One of those things that immediately grabs your attention when you open the engine bay on a 356 are the air filters. The original Pre-A's used dual single Solex carburettors moving on to the two barrel P40 Solex carburettors for the later 1600's and both setups used Knecht air filters which are visually distinctive in both cases both having the raised pressed Knecht logo on the top of the filters.
I finally pulled the trigger on a set of beehives. I've long wanted to replace the not-quite-correct Lucas style 'beehives' with the correct style units and could resist no more when I saw these for sale.
Been a while since anything has happened on the speedster. Not that there is anything to really report, but I did manage to tick off a couple of small jobs recently
Keeping with my vintage speed 356 inspired Okrasa engine build I bought a nice O/T crank pulley. These four hole items are found on early 356's.
For an authentic looking engine bay a Fram or Mann style bypass oil filter is a good nod to the original 356 engines and will definitely help give your engine bay that vintage Porsche look. Bypass filters are often dismissed as old hat and inferior to full flow style filters, but is that actually the case?
Been a bit flat out with work so no real time to do anything on the build but have been doing a bit of daydreaming whilst standing at the lathe. I've somehow convinced myself that I should put together my Okrasa engine for the Speedster.
After completing the collector for my DIY Sebring exhaust the next part that I need to tackle is making the silencers. I have already spent a bit of time doing some research to try and find some off-the-shelf items but due to the small size needed I could not find anything available that could be used without having to modify it. This means that the only option left is to make them myself.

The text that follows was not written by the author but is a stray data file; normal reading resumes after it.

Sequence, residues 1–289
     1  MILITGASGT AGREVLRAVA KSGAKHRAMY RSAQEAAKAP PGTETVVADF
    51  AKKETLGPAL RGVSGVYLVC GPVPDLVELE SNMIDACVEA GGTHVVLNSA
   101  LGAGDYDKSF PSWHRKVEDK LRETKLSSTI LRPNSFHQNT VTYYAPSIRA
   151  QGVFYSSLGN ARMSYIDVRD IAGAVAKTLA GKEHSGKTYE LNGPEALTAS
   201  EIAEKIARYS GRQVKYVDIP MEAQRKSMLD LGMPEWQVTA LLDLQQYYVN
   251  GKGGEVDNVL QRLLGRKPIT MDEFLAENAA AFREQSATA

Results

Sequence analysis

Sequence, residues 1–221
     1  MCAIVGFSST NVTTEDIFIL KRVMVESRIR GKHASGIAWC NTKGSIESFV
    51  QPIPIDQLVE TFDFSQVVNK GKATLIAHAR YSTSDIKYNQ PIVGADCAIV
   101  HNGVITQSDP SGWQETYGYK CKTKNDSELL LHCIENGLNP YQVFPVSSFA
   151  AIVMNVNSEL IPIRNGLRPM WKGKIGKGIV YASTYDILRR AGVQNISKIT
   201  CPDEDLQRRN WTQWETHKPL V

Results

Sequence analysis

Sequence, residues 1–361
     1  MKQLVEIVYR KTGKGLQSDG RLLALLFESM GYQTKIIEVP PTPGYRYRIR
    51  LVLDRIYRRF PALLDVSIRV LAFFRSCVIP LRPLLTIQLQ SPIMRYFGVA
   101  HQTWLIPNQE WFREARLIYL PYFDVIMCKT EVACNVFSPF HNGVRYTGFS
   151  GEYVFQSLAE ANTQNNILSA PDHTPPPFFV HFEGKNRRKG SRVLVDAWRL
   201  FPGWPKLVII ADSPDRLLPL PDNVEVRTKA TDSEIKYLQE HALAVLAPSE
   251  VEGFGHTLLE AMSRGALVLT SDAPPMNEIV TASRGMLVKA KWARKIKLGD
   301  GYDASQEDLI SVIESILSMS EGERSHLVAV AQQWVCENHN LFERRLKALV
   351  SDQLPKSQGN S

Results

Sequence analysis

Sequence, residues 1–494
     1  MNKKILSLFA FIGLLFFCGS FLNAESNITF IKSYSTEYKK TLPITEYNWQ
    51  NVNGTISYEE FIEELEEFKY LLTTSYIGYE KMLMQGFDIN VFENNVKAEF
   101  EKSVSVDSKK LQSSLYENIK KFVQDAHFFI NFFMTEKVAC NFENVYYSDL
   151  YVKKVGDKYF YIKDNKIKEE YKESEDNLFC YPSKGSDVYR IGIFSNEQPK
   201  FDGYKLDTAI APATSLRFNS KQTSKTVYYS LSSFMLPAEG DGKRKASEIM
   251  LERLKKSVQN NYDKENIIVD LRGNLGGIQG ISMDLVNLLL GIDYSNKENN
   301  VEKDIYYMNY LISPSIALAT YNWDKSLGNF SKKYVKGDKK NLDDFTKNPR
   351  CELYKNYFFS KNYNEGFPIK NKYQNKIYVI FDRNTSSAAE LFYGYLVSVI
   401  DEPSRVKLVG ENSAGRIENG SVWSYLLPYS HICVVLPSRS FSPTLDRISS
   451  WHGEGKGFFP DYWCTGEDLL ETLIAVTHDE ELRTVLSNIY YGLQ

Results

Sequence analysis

Managed to scrounge a few minutes to finish off the collector for the Sebring exhaust tonight. I had ran out of gas when I was initially welding up the collector and so still had to join the two halves together. Today I managed to get a few minutes to finish them. I spent a little time tidying up the insides so that the two halves were symmetrical and then welded the two halves together to finish off the collector. I also trimmed down the uneven ends so that everything is ready for the next stage.
Many 356 fans will know of the name Reuter, the coach builder responsible for the manufacture of the Porsche 356 from 1950 onwards, but many do not realise that initially Reuter did not have the capacity to build the convertible models so this task was awarded to Glaser, the renowned East German coach builder.
If you read my previous post Sebring Exhaust Part 1 you would know that I have decided to build my own Sebring style exhaust.
This evening I managed to get a little time to make a start on it.
Got some more goodies today, my new front brake discs. These took a while to source as everyone has been out of stock since before Xmas.
A Sebring style exhaust is something that I have been planning for a long while. Whilst it's not the best style of header to use from a performance perspective, it does have that iconic Porsche racing style to it and so is the perfect choice for a period looking car.
Building an early replica has been a bit of a challenge in some areas. The Late 50's cars have a pretty good availability for trim and parts as most parts are now remanufactured. The early cars however have a number of differences from those late parts which means that in many cases, to be correct the late parts cannot be used. One such case is the Porsche scripts.
It seems to be a tradition amongst replica 356 owners to have a period grille badge. Not being a fan of fake Outlaw 356 or Cliche'd Nurburgring badges I've been on the lookout for something more suitable.
Received some more goodies in the post.
Early style rear lights and a red lense for my shine down light so that I can use it is a third brake light
The missing link